05/12/2008 (Mw 7.9), East Sichuan
A. Sladen, Caltech
Location of Epicenter
Amount of Slip on Fault
View in Google Earth (requires Google Earth)
Colors show the amount of slip on diferent sections of the fault zone. Two views are shown (either view can be de-selected on the Google Earth sidebar):
Circles show a 3-D map of the fault. (The fault map has been raised above the Earth's surface. Click on a circle to get the depth of that fault segment.)
Image shows the projection of the fault onto the Earth's surface.
DATA Process and Inversion
We used the GSN broadband data downloaded from the IRIS DMC. We analyzed 21 teleseismic
P waveforms and 15 teleseismic SH waveforms selected based upon data quality and azimuthal
distribution. Waveforms are first converted to displacement by removing the instrument
response and then used to constrain the slip history based on a finite fault
inverse algorithm (Ji et al, 2002). We use the epicenter location of the USGS (Lon.=103.270 ° Lat.=31.104°), while the strike (229°) and dip angle (33°) are taken from the GCMT solution.
The solution is a unlateral rupture to the north-east over almost 300 km. The average rupture velocity is about 3 km/sec.
Cross-section of slip distribution
Figure 1: The big black arrow shows the fault's strike. The colors show the slip
amplitude and white arrows indicate the direction of motion of the hanging wall
relative to the footwall. Contours show the rupture initiation time and the red
star indicates the hypocenter location.
Comparison of data and synthetic seismograms
Figure 2: The Data are shown in black and the synthetic seismograms are plotted
in red. Both data and synthetic seismograms are aligned on the P arrivals.
The number at the end of each trace is the peak amplitude of the observation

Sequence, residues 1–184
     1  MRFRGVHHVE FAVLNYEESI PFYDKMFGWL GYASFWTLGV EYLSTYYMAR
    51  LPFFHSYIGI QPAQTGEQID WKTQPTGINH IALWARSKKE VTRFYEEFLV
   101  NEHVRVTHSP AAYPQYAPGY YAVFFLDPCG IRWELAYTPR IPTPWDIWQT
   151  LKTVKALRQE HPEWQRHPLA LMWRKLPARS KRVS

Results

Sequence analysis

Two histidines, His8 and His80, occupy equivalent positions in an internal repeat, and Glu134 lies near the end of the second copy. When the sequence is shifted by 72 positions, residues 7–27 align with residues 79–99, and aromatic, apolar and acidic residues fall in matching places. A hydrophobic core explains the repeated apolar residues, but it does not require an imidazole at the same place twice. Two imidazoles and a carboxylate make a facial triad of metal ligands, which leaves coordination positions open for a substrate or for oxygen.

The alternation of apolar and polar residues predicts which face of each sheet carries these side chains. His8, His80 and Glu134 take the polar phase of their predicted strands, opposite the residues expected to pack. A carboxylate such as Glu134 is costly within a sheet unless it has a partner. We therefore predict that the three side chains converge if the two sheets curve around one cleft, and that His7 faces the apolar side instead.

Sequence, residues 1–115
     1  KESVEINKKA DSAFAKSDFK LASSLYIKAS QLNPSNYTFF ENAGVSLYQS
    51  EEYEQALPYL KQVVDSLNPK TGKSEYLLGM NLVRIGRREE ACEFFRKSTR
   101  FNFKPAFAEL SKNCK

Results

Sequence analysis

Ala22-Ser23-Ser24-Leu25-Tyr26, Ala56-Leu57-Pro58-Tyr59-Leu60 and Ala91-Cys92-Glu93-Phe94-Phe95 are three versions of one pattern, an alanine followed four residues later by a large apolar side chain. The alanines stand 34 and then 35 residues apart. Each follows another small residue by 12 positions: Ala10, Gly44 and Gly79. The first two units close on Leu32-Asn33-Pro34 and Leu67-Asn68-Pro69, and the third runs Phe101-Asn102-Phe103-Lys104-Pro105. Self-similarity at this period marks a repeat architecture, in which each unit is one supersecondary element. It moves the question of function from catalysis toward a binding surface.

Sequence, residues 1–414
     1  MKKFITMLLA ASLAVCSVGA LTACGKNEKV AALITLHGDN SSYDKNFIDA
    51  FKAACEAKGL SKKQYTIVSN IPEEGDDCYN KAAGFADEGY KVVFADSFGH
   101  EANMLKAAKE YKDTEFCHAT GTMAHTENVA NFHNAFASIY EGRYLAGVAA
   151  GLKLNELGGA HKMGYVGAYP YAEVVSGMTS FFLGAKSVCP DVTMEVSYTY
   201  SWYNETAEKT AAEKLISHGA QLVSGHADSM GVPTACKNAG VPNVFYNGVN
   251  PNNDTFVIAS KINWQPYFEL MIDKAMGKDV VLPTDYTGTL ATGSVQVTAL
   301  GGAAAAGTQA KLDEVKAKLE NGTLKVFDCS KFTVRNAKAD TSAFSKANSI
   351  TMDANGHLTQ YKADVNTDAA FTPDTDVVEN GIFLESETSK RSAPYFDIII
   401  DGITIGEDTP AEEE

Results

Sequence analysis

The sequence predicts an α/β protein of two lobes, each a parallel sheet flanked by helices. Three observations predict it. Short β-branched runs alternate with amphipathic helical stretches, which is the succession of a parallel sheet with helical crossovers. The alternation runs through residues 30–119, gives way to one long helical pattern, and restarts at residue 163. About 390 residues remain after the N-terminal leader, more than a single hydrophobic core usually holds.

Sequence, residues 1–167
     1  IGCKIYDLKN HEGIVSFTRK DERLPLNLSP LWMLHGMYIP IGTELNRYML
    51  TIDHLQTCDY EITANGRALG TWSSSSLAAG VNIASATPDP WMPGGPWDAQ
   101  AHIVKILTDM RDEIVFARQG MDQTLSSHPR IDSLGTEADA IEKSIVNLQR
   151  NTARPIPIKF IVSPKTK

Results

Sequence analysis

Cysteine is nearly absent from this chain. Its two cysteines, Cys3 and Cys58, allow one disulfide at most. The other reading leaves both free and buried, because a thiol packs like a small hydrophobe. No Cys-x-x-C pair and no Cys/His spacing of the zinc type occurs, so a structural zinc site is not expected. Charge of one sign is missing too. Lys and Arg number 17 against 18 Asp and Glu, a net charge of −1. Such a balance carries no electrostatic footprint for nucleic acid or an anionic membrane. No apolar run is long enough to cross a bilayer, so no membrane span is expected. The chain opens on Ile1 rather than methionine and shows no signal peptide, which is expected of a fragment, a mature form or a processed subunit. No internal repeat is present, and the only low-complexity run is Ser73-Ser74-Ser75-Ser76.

in micro-meter. The number above the beginning of each trace is the source azimuth
and below it is the epicentral distance.
Map view of the slip distribution
Figure 3: Surface projection of the slip distribution. The open circle are the aftershocks located by the USGS-NEIC in the 36 hours following the mainshock.
This page is an update from the initial solution which included defective SH records.
Ji, C., D.J. Wald, and D.V. Helmberger, Source description of the 1999 Hector
Mine, California earthquake; Part I: Wavelet domain inversion theory and resolution
analysis, Bull. Seism. Soc. Am., Vol 92, No. 4. pp. 1192-1207, 2002.
Bassin, C., Laske, G. and Masters, G., The Current Limits of Resolution for
Surface Wave Tomography in North America, EOS Trans AGU, 81, F897, 2000.
GCMT project: http://www.globalcmt.org/
USGS National Earthquake Information Center: http://neic.usgs.gov
Global Seismographic Network (GSN) is a cooperative scientific facility operated jointly by the Incorporated Research Institutions for Seismology (IRIS), the United States Geological Survey (USGS), and the National Science Foundation (NSF).